We are in the middle of Passion Week, or Holy Week. This is a unique season wherein the three Abrahamic faiths observe one of their most sacred days in their respective traditions. Maundy Thursday heralds the end of Lent, a sundown marks the beginning of Passover while a sunrise marks the celebration of Easter (Resurrection) Sunday, and Ramadan draws close to its end after the Night of Power. Read a joint essay by VICPP Faith Organizer Sheila Herlihy on how she observes Lent, our Communications Director Ayesha Gilani Taylor on how she observes Ramadan, and Engagement Director Dora Muhammad on how she observes both—a creative illustration of how we are Together in Faith! 

Sheila Herlihy, VICPP Faith Organizer
In the Catholic (and broader Christian) tradition, the fasting season is called Lent. This is 40 or so days before Easter, and focuses on preparation and refocusing life on God. It coincides with forty days that Jesus spent fasting and praying in the desert before beginning his public ministry, and prepares those who observe it for the season of Easter, celebrating Jesus’ resurrection. The three main themes of Lent are prayer, fasting, and almsgiving. The practice of fasting is understood more broadly than just food-focused… some folks give up eating between meals, or chocolate. Others fast from music on their commute, television, or negative self-talk. The point is to take the attention you would focus on a mundane thing or practice and point that same attention to God.

I’m blessed to serve as the Faith Organizer for VICPP, and that my work ties so closely to my faith journey. I’ve been a Catholic all my life, so observing Lent is a part of my yearly rhythm. I’ve run the gamut of ways to pray, fast, and give alms over the years. One particularly challenging Lent, I gave up fried food. Another time, I added at least one item daily to a box that was headed to the thrift store. This year, rather than eliminating something, I’ve added a practice of a structured prayer every night, the Liturgy of the Hours, which is a prayer shared by Catholics worldwide. It helps me put the end of the day into God’s hands through the words of the psalms, which express a wide range of human emotion.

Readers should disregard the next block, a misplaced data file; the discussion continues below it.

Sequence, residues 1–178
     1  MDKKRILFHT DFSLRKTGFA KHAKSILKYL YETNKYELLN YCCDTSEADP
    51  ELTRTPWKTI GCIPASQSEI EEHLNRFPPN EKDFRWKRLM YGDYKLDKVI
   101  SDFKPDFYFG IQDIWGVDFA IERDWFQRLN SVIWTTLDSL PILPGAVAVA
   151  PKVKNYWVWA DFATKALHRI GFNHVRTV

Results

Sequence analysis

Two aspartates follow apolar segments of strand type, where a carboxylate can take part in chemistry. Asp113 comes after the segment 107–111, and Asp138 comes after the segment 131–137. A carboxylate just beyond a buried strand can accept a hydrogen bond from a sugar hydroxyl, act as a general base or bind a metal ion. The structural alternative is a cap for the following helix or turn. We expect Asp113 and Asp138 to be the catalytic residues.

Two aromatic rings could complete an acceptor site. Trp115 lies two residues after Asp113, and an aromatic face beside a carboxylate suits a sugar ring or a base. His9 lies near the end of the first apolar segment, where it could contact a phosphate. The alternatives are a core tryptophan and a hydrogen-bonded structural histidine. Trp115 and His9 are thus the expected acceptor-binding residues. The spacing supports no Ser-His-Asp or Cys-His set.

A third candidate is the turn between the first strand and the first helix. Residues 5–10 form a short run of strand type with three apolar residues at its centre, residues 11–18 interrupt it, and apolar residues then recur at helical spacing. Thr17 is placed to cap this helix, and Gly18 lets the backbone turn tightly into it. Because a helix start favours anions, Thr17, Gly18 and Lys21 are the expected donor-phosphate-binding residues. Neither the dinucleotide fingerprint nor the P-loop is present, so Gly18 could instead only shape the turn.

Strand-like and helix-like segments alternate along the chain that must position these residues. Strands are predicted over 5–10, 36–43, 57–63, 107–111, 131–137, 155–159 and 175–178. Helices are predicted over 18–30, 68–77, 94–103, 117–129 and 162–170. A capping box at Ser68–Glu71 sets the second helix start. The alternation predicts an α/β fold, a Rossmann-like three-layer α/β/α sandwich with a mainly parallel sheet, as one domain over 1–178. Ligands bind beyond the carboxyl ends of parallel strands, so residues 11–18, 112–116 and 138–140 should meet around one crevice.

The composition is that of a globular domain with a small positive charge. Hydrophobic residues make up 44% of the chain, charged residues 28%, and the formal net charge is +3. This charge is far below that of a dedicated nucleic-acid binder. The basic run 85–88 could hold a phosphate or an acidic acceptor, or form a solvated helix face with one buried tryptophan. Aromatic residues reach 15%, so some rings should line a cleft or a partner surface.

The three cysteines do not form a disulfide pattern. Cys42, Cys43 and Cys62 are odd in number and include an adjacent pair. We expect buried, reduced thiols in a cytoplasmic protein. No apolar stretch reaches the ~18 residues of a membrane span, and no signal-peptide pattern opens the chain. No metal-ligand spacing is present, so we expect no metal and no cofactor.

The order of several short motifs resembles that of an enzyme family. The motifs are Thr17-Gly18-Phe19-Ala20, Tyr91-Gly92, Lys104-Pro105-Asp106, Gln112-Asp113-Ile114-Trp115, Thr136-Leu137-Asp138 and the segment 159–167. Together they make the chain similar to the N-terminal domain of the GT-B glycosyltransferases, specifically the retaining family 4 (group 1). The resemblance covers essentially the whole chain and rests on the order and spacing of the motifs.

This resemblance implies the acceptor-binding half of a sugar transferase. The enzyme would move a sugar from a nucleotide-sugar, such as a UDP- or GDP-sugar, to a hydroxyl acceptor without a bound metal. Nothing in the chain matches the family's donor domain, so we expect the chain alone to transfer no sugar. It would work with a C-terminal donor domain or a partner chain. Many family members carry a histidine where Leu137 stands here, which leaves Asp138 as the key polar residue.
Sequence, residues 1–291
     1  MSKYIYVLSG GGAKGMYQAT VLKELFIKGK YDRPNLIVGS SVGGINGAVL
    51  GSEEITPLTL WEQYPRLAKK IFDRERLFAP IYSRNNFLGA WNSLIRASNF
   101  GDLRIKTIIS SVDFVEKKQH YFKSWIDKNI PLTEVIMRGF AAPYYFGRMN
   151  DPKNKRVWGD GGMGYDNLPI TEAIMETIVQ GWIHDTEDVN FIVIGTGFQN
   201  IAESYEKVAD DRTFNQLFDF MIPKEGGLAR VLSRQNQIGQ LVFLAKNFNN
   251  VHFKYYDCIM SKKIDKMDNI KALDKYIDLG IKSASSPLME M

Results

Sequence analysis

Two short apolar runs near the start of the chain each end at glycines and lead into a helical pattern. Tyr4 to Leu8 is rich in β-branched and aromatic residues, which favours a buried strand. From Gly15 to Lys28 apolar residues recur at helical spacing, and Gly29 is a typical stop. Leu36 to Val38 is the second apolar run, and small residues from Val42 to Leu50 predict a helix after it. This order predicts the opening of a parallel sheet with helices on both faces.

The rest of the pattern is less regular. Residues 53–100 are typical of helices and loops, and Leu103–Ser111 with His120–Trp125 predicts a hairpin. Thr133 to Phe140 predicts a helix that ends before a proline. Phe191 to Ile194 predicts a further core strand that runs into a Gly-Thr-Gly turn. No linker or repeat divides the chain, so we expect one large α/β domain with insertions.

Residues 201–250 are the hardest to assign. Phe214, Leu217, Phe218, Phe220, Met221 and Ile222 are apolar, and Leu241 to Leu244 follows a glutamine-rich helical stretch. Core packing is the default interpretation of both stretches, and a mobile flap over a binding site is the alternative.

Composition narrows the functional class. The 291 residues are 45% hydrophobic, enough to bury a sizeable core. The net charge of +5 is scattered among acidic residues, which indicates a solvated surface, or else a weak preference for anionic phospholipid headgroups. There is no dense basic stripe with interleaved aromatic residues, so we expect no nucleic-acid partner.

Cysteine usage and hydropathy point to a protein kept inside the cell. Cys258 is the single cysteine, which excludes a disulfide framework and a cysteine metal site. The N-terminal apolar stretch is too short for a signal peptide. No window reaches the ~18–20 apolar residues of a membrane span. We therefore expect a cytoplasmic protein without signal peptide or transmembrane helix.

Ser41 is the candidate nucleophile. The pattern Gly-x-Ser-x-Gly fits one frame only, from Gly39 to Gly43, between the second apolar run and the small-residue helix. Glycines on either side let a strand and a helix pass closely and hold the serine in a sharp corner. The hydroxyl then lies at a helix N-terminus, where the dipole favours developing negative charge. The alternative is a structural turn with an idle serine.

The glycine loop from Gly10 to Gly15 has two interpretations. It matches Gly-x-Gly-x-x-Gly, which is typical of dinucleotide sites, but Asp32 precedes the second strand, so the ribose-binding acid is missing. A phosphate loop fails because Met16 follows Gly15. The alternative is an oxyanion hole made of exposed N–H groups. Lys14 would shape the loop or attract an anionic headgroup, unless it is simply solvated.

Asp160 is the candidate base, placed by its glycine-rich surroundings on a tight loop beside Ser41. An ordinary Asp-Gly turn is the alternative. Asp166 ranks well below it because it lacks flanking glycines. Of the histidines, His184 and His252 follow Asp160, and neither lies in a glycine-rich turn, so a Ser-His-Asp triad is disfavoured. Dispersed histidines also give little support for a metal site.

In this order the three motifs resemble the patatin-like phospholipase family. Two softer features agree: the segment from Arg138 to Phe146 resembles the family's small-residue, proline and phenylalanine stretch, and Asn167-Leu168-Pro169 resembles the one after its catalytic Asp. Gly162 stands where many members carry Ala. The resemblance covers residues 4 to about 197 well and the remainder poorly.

Traditionally, Catholics don’t eat meat on Fridays during Lent, but since I’m a vegetarian, I go vegan on Fridays, and eat only a small breakfast and dinner. For me, it’s helpful to have a Lenten practice that interrupts the routine. Whenever I’m hungry on Friday, or go to grab mac and cheese for dinner, I instead pause and offer a prayer. This helps ground me and reminds me to invite God into every moment. I’m looking forward to this coming week, the most sacred days of the church year, when I’ll be able to enter into worship refreshed through my fasting practice.

Ayesha Taylor, VICPP Director of Communications
Muslims are currently halfway through observing the holy month of Ramadan, during which time we fast daily from before sunrise to sunset. It’s one of the five pillars, or tenets, of Islam. In a nutshell, those pillars include declaration of faith, prayer, fasting (for healthy, of-age, non-pregnant, non-nursing people), almsgiving, and pilgrimage to Mecca (for those who are physically and financially able). Ramadan is a time to renew one’s connection to the Most High, purify the heart, and fill the soul with love and reverence of God through being more intentional about imbibing those pillars in our daily routines. Many Muslims consider this a detox of both the physical and spiritual forms.

My personal practice includes, in addition to partaking in fasting and prayer, abstaining from doing things I find enjoyable. Each year, I try to level up my commitment and add one more item to this list of no-can-dos. For some of them, I try to continue them beyond Ramadan indefinitely. In my earlier fasting years, new list items included skipping donning nail polish and listening to music. Seven Ramadans ago, my annual practice of abstaining from consuming non-halal and non-kosher meat during the holy month stuck with me beyond Ramadan and has since become my permanent practice. The past few Ramadans, I have added covering my hair with hijab to my list (which recently became my daily practice outside of Ramadan). It has been said that “some of the pious predecessors were asked, ‘Why has fasting been instituted?’” The pious responded, “‘So that the rich will taste hunger and thus will not forget the hungry,’” as relayed by 14th century Muslim scholar and sage Imam Ibn Rajab.